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Language Attitudes Affect Perceived Intelligibility, Proficiency, and Accentedness of Non-Native Speech

Poster

Language Attitudes Affect Perceived Intelligibility, Proficiency, and Accentedness of Non-Native Speech

Abstract

Previous research (Dmitrieva et al., 2015) showed that Mandarin speakers of English modified acoustic properties of their English speech as a factor of both the interlocutor (native vs. non-native speakers of English) and their own attitudes towards Mandarin and English. The present study investigates whether these acoustic modifications are perceptible to native speakers of English. Seventy-two native English listeners rated short English speech samples from twenty-four Mandarin learners with respect to speaker’s intelligibility, proficiency, and accentedness, on a 7-point scale. The results showed that the interlocutor condition was not reflected in listeners’ ratings. However, speakers’ attitudes significantly predicted listeners’ ratings. Participants who were more positively oriented towards Mandarin than English were perceived as less intelligible, less proficient, and more accented. The results suggest that the effects of language attitudes on second language speech are salient and perceptible to native listeners.
Language Attitudes Affect Perceived Intelligibility,
Proficiency, and Accentedness of Non-Native Speech
Amy E. Hutchinson1, Joshua D. Weirick1, Suzy Ahn2, Olga Dmitrieva1
1 Purdue University
2 University of California, Los Angeles
19th International Congress of Phonetic Sciences- August 5-9, 2019 (Melbourne, Australia)
L2 learners with a more positive attitude tend to achieve higher proficiency
(Dörnyei, 2014; Gardner & Lambert, 1972; Shuy & Fasold 1973; inter alia)
A more positive attitude in the L2 helps the learner achieve target-like
pronunciation (Elliot, 1995; Huensch & Thompson, 2017; Lord, 2008; Shively,
2008)
L1 Mandarin speakers with a more positive attitude towards English made
acoustic adjustments in their English speech (Dmitrieva et al., 2015), including:
hyperarticulated vowel space
faster articulation rate
higher pitch
Participants (Raters)
70 speakers of American English (mean age 20.7, 7 male 63 female)
Materials
Stimuli: ~10 second sound clips of 24 L1 Mandarin speakers giving directions to a
confederate in English using a map (from Dmitrieva et al., 2015)
Confederates (3) in Dmitrieva et al., (2015) were a native speaker Mandarin,
a native speaker of Midwestern American English, and a native speaker of
Russian
English/Mandarin attitude ratio calculated for each participant
Independent Variables: Speaker English/Mandarin attitude ratio, interlocutor L1
(English, Mandarin, Russian) (Dmitrieva et al., 2015)
Dependent variables: Native speaker ratings of Intelligibility, accentedness, and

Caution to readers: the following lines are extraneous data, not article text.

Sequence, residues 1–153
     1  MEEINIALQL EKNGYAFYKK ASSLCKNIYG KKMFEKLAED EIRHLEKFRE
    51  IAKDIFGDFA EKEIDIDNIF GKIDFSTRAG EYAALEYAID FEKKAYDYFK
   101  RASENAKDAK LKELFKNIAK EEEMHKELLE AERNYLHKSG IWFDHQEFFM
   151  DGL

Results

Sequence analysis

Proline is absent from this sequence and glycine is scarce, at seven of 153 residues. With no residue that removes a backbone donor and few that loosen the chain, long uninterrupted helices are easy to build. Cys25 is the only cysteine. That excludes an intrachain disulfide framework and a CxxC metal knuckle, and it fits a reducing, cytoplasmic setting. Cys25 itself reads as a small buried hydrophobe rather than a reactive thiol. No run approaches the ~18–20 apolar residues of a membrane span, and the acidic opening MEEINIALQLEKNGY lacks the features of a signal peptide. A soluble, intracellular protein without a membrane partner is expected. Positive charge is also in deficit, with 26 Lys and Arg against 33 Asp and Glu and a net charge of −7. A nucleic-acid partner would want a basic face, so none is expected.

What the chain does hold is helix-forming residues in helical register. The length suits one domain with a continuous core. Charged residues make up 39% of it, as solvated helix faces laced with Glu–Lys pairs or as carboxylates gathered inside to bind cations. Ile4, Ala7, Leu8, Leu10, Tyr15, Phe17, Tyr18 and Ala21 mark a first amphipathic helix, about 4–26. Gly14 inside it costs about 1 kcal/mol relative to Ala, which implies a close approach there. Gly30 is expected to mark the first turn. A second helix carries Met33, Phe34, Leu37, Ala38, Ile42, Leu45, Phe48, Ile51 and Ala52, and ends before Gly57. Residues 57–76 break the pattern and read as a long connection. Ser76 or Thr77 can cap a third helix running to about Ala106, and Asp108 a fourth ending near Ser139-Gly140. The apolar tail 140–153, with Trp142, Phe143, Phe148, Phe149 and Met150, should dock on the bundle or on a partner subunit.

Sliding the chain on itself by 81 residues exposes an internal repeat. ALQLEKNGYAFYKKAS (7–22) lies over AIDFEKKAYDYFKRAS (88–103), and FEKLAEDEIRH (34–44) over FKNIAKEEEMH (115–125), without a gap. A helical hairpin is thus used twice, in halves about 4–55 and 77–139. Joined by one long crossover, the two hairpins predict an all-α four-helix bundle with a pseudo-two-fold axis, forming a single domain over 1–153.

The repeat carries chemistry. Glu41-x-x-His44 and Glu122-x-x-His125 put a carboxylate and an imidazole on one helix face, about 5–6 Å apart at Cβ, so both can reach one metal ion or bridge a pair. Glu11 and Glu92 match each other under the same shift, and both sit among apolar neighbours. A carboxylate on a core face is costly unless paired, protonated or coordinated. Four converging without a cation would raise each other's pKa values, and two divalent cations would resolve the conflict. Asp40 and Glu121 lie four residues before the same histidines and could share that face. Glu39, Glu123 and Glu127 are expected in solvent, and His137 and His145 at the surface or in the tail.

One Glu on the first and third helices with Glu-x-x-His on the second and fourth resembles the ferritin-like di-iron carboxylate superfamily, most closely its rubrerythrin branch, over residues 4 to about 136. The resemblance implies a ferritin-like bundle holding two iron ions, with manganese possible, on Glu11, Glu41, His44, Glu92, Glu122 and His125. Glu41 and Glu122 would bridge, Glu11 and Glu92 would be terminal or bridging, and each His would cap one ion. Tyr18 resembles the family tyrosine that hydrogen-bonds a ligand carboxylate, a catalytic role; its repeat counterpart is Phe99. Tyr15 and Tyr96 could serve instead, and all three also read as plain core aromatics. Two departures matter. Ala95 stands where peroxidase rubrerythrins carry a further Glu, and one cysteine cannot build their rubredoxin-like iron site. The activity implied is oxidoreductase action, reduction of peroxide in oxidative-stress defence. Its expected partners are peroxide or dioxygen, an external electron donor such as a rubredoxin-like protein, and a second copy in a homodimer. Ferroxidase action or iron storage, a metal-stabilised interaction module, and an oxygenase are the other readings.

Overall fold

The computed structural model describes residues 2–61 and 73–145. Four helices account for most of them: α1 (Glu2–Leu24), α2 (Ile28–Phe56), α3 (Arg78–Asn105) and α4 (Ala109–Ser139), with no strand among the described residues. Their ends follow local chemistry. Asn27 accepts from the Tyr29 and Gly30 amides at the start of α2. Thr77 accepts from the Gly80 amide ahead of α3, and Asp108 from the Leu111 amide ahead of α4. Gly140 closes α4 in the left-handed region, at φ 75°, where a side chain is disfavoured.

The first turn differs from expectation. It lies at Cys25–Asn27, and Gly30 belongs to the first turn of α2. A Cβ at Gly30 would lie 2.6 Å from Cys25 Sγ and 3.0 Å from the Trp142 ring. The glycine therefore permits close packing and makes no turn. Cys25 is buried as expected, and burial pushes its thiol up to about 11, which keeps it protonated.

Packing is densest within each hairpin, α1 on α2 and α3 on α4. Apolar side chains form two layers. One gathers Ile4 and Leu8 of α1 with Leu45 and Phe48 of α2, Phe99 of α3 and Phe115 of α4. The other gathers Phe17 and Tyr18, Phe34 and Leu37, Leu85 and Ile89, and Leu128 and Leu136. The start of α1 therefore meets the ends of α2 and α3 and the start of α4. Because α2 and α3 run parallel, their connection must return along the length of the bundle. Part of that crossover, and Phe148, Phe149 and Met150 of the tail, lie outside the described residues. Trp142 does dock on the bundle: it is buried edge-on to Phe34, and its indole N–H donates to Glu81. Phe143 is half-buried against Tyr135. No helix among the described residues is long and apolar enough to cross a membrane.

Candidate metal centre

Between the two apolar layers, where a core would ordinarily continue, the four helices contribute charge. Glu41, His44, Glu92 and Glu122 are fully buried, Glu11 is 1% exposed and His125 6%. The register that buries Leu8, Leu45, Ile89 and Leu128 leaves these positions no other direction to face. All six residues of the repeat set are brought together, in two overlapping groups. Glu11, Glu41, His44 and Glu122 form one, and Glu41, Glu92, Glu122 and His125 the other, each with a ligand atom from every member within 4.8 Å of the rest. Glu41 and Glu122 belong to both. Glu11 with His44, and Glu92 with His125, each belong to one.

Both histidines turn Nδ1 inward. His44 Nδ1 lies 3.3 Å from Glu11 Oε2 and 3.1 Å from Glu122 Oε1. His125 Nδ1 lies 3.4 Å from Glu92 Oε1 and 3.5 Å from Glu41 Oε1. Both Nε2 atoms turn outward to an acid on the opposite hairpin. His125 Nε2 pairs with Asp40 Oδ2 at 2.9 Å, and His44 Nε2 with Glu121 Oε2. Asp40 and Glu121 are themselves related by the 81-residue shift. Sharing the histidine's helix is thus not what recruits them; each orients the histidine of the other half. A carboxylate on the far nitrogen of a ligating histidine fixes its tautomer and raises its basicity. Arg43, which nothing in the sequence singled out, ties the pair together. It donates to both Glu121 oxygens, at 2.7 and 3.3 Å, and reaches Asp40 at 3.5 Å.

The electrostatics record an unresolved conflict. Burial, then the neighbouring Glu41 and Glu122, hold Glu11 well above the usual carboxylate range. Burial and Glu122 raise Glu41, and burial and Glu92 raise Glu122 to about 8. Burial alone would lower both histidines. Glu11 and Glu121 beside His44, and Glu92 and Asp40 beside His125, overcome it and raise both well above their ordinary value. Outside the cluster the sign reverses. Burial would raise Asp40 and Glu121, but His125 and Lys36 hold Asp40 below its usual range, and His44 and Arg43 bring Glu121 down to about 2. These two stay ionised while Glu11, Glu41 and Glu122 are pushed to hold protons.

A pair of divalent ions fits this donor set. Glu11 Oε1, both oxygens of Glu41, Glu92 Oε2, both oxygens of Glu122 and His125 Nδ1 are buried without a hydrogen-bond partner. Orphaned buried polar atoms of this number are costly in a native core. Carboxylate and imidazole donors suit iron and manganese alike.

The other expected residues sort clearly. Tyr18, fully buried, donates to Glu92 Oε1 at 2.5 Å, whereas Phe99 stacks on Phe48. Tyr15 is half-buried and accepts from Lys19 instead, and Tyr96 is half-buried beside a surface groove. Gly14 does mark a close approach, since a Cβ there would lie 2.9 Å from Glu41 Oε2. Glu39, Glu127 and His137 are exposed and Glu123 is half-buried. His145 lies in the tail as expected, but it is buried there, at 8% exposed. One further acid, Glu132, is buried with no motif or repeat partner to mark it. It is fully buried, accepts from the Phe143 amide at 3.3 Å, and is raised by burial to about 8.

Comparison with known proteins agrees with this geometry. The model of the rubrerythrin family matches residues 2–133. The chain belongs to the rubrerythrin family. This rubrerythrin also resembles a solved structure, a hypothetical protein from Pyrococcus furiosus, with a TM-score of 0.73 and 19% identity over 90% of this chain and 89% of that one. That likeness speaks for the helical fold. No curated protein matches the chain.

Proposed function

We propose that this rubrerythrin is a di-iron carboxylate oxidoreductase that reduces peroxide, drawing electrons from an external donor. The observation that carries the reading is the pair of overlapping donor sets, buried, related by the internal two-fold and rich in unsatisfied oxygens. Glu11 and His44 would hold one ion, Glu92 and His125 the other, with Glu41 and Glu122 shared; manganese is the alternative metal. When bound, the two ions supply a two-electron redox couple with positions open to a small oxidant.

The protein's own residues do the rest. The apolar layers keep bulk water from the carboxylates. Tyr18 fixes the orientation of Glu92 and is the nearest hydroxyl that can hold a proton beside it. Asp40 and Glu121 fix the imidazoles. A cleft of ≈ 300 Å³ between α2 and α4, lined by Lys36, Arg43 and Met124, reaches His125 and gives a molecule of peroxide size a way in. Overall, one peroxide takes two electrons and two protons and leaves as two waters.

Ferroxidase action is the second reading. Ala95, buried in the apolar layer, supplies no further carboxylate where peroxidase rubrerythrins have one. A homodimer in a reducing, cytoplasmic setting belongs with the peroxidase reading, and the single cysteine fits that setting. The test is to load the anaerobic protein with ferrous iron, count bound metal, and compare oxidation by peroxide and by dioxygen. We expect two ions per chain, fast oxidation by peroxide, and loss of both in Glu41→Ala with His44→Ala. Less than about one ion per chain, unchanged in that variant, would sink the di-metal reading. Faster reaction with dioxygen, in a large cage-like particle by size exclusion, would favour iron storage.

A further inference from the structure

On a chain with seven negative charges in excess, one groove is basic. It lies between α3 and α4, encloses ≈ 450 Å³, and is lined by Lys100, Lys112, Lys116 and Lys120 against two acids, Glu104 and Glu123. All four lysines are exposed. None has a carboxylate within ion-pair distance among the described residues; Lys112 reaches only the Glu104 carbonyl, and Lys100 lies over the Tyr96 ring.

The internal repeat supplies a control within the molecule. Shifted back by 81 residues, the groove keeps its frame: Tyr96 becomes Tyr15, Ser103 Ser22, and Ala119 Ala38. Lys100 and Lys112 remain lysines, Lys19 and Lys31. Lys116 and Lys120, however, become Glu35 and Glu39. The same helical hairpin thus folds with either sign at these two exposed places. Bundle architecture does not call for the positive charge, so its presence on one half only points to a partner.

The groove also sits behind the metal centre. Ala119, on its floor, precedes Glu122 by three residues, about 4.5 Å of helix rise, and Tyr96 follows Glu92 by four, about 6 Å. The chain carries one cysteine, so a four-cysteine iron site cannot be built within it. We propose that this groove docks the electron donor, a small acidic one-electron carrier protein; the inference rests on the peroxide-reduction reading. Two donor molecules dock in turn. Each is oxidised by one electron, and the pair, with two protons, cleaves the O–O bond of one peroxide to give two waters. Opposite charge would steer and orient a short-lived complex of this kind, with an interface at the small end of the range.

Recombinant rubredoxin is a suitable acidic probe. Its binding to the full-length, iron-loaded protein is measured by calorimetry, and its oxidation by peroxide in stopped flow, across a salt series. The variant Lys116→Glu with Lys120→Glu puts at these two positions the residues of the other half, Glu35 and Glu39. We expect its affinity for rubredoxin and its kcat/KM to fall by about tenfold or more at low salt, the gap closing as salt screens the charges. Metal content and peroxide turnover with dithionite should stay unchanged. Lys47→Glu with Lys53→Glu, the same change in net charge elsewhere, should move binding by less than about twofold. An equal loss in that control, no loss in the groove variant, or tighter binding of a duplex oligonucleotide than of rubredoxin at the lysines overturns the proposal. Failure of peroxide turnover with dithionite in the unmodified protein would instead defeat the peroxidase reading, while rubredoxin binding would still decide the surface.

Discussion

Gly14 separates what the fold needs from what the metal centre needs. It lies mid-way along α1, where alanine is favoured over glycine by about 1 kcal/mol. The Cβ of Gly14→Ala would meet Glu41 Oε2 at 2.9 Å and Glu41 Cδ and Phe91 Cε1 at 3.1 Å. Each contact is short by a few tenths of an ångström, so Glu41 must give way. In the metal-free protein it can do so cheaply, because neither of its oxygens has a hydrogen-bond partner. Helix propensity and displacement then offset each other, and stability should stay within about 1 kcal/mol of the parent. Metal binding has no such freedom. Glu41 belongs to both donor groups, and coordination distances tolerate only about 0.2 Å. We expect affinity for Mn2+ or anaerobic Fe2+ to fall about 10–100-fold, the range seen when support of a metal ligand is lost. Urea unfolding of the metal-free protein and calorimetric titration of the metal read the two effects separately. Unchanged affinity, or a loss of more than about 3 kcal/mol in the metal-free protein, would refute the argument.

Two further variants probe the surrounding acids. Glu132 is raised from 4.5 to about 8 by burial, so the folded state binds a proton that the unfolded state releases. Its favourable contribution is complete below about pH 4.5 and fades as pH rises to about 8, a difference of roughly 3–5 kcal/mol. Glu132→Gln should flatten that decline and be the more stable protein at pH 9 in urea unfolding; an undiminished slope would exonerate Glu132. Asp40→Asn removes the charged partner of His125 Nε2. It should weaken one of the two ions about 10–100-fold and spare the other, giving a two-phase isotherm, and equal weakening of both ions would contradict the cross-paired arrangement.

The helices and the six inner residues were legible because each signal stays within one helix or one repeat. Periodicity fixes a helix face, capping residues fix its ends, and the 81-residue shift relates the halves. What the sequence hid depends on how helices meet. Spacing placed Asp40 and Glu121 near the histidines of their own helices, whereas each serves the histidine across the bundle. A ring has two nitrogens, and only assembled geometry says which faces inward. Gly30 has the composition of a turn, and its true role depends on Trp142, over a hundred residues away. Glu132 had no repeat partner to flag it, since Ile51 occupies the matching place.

proficiency (Fig. 1).
Presentation: Each participant (rater) rated 24 clips of non-native speech using
three, 7-point scales (Fig. 1).
Participants rated all conditions and all Mandarin speakers, but did not rate
a single speaker in multiple conditions
Recording of Mandarin
speaker completing map-
task
Intelligibility
rating
Accentedness
rating
Proficiency rating
Figure 2: Attribute score variability across speakers
Figure 3 (below left): Average Mandarin/English attitude ratio across speakers
Figure 4 (below right): Average attribute scores by interlocutor condition
There is a clear connection between L2 attitude and success in L2 acquisition, but
it is unclear which precedes the other
Attitude towards the L2 modifies L2 speech (Dmitrieva et al., 2015) and these
acoustic modifications are perceptually salient and detectable by native listeners
A positive attitude can improve L2 pronunciation, showing the benefits of a
positive and supportive environment during the language learning process
*Since intelligibility, proficiency, and accentedness scores were highly correlated, a
global evaluation score (GES) was created by averaging the three
Figure 1 (above): Sample item and rating scales
Research Questions
1. Does the interlocutor factor (L1 background of the person the
speaker is addressing) affect judgments of Mandarin speakers’
intelligibility, accentedness, and proficiency in English?
2. Does the speakers’ language attitude affect judgments of their
intelligibility, accentedness, and proficiency?
All speakers were rated as fairly
intelligible and proficient
All speakers were perceived as
accented
Intelligibility and proficiency
were significantly correlated,
while accentedness was
negatively correlated with both
16/24 speakers indicated a more positive attitude towards Mandarin (Fig. 3)
Speakers were rated the most proficient, intelligible, and least accented when
addressing the Russian interlocutor (Fig. 4)
Speech to the Mandarin interlocutor was rated the most accented (Fig. 4)
Attitudes covariate was a significant predictor of GES (p < 0.05):
Speakers who had a more positive attitude towards English were perceived as
more intelligible, more proficient, and less accented
Figure 5: Correlation between Mandarin/English attitude ratio and GES*
STATISTICAL RESULTS
CONCLUSIONS
DESCRIPTIVE PATTERNS
METHODS
BACKGROUND
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